For the 22nd season of Survivor, CBS added a new twist to the granddaddy of reality TV shows: Redemption Island. This season, when contestants are voted off the island by their competitors, they don't go straight home. They're sent to the nearby Redemption Island to live in solitude and get a second chance to win their way back to the game on the main island.
When Matt Elrod, a 22-year-old pre-med student from Nashville, auditioned for the show, none of the contestants knew anything about the "Redemption Island" concept. But Elrod, a Christian, thought it a fitting twist for a believer who wanted his faith to come through loud and clear.
As it turns out, Elrod is king of Redemption Island. He was voted off the main island in Week 2, then spent three weeks in isolation (the equivalent of six weeks on air) on the lone island. He won six head-to-head competitions against other contestants as they were voted off; the loser of each of those duels was then sent home. When Elrod finally earned his way back to the main island in Episode 8, his honesty resulted in a tactical blunder, and he was again voted off and sent back to Redemption Island.
Episode 11 airs this week (CBS, Wednesday 8/7c), with Elrod still on Redemption Island, still trying to work his way back into the game on the main island.
CBS usually disallows contestants to give interviews until after the series ends, but the network gave CT an exclusive interview with Elrod via e-mail. Since the show is still running (it was filmed in late 2010), he wasn't allowed to answer any questions about what happens beyond last week's episode.
For all we know, Elrod could've hung around and won the whole thing—and the $1 million first-place prize. Survivor fans will learn how he finished in the coming weeks; the final episode airs Sunday, May 15 (8/7c).
Why did you want to be on the show?
I wanted to try and proclaim the goodness, faithfulness, love, and mercy God lavishes on me every day. I wanted the world to see how having faith in Jesus isn't just about going to heaven when you die, but it's a better, fuller way of life. The adventure of it all was secondary, and winning the million dollars was third in my list of incentives.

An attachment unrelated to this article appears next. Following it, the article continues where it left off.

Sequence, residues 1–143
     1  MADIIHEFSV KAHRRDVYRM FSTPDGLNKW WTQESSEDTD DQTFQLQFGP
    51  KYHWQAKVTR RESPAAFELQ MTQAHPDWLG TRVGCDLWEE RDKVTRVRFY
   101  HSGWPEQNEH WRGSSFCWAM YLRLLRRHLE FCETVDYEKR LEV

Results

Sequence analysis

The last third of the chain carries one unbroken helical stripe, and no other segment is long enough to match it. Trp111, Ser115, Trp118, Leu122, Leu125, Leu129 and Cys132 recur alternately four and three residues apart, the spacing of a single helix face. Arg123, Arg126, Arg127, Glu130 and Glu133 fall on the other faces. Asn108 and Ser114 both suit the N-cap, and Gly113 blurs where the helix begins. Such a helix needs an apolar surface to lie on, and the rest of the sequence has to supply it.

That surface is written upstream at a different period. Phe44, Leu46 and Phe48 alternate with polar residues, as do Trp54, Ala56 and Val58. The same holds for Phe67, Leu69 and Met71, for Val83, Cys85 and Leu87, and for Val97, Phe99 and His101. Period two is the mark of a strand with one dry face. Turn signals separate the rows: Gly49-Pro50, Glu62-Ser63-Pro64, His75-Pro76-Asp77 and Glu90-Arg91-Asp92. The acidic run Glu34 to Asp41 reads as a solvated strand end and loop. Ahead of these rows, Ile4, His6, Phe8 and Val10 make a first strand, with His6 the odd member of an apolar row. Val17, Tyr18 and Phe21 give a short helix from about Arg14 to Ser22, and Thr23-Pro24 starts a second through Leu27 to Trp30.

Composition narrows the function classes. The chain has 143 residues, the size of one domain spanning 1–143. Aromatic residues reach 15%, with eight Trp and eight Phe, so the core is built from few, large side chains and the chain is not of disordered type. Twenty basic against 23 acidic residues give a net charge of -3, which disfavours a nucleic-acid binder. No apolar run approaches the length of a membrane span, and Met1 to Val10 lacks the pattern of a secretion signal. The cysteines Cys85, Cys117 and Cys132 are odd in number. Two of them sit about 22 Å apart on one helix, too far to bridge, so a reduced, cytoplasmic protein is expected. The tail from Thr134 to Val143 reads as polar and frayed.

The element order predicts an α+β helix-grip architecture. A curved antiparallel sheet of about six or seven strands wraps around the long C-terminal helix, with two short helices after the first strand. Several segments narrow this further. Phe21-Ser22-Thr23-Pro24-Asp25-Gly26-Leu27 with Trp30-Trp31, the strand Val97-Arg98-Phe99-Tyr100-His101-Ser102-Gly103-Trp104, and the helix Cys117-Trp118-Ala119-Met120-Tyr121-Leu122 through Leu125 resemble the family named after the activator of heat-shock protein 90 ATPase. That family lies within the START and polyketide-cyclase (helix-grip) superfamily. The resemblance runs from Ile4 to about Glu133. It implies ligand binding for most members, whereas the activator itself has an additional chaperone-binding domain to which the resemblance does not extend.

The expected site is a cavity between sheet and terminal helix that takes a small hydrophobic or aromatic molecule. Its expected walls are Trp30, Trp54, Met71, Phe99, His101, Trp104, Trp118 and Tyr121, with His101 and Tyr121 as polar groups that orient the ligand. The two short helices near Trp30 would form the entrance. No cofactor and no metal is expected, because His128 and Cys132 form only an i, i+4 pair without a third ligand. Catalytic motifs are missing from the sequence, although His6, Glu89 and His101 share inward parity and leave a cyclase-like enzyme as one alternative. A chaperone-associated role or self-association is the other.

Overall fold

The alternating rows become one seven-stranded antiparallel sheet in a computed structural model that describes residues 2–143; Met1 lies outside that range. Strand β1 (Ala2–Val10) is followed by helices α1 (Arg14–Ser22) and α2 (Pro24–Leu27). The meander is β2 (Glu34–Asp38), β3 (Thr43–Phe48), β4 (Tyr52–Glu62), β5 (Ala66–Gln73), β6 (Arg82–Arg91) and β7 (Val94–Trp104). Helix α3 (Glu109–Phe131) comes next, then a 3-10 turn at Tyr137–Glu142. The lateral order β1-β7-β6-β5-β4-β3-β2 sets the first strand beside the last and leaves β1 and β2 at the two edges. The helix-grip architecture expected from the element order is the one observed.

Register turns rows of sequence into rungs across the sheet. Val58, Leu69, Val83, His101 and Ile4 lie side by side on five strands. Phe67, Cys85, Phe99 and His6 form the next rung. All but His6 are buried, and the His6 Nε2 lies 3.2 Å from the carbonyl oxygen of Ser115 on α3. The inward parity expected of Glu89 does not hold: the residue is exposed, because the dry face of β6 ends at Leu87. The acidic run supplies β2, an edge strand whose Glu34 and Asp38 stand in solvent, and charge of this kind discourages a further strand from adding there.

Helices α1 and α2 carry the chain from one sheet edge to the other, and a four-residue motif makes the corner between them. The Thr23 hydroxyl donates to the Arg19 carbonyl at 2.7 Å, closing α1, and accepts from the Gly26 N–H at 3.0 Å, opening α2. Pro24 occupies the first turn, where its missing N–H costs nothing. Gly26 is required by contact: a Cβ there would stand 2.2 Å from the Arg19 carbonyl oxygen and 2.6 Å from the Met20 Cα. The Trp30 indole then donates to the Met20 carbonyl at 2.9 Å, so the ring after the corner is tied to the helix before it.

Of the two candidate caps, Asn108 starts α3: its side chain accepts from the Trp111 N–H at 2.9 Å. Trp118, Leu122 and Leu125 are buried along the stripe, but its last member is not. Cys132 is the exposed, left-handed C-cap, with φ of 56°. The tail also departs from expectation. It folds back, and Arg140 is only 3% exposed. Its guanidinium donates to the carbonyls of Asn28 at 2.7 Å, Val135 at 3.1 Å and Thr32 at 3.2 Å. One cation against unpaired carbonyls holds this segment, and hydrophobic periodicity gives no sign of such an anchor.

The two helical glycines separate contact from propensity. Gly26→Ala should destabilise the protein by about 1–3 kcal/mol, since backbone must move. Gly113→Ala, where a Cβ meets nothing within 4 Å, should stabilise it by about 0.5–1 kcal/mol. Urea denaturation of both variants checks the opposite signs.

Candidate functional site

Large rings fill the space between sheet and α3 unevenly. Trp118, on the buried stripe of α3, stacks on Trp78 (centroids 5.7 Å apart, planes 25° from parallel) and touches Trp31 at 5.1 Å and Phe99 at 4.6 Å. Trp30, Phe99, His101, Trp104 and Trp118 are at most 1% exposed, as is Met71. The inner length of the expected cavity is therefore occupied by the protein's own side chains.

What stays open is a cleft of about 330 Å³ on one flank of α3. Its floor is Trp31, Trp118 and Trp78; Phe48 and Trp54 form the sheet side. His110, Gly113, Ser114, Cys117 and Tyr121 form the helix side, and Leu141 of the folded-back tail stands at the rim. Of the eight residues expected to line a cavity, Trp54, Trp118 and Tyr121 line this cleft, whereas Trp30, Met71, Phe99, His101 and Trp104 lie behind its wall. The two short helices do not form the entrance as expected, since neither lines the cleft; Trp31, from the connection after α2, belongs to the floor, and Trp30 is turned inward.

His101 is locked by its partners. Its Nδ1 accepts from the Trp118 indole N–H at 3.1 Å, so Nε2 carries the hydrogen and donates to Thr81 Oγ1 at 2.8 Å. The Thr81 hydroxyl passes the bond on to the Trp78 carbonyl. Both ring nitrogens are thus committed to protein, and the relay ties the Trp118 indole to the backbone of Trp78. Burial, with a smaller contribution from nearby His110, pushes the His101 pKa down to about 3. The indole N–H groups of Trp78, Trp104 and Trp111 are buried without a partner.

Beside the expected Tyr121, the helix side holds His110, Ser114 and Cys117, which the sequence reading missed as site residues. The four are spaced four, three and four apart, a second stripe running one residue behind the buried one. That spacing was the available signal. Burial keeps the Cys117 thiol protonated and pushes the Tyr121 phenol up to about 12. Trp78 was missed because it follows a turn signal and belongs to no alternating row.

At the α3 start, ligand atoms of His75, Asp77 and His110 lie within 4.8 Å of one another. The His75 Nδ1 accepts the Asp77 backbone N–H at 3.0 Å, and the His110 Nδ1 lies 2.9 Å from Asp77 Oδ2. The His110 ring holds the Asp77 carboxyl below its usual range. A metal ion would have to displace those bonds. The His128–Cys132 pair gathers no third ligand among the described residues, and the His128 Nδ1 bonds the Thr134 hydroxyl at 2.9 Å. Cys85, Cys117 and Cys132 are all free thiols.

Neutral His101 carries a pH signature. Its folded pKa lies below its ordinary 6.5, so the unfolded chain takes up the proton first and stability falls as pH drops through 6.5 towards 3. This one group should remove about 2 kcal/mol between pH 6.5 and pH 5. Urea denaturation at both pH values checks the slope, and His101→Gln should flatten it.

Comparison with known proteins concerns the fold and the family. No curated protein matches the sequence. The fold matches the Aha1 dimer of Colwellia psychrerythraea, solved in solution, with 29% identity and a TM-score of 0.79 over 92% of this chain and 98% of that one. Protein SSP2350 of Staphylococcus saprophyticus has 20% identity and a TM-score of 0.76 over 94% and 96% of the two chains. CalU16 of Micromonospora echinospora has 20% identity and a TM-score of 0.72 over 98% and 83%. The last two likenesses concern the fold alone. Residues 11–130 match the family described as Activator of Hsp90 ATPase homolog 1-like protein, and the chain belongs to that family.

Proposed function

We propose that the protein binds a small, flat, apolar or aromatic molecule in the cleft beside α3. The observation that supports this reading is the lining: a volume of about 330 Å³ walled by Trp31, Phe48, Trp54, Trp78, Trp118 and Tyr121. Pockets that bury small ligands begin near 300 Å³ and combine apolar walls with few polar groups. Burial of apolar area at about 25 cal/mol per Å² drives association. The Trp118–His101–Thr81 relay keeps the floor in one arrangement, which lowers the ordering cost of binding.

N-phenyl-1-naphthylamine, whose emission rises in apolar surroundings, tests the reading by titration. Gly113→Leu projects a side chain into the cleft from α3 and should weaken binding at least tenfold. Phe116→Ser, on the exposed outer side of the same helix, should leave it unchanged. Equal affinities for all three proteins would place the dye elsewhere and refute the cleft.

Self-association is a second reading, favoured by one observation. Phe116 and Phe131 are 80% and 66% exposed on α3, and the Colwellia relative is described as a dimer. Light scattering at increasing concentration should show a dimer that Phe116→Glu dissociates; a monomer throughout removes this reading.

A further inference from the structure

Was there something about the "redemption" twist that attracted you?
We didn't know about Redemption Island till the game started, but its name is almost a testament to Christianity—Jesus redeeming the world by forgiving our sins and breathing new life into us.
You DO realize that the goal is to stay on the MAIN island, right?
Haha, yeah, yeah. But I sort of preferred staying on Redemption Island. The isolation was difficult, but I think it was a way for God to give me a platform to proclaim his glory. I also think he was protecting me from the chaos of the game and allowing me to move forward in the game at the same time.
You got burned twice—the word they kept using was "blindsided."Why was that?
I was pretty shocked. I made a decision at the beginning to play with my heart, not my mind. I knew it would likely burn me, but I almost felt God saying, "I put you on this show out of tens of thousands of people who auditioned, and you want to play for yourself and not for me?" When I thought of it that way, and it dictated how I navigated the game.